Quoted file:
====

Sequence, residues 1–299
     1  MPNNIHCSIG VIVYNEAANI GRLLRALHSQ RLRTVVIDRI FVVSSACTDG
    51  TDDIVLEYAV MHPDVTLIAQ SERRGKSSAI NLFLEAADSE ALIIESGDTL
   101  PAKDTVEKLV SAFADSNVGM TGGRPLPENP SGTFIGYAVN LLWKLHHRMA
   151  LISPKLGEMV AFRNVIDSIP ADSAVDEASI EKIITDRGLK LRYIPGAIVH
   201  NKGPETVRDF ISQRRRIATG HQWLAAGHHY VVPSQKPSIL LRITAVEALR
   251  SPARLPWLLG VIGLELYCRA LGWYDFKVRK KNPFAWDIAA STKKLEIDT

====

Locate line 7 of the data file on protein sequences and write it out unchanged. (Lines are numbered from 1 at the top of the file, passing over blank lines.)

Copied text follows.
   251  SPARLPWLLG VIGLELYCRA LGWYDFKVRK KNPFAWDIAA STKKLEIDT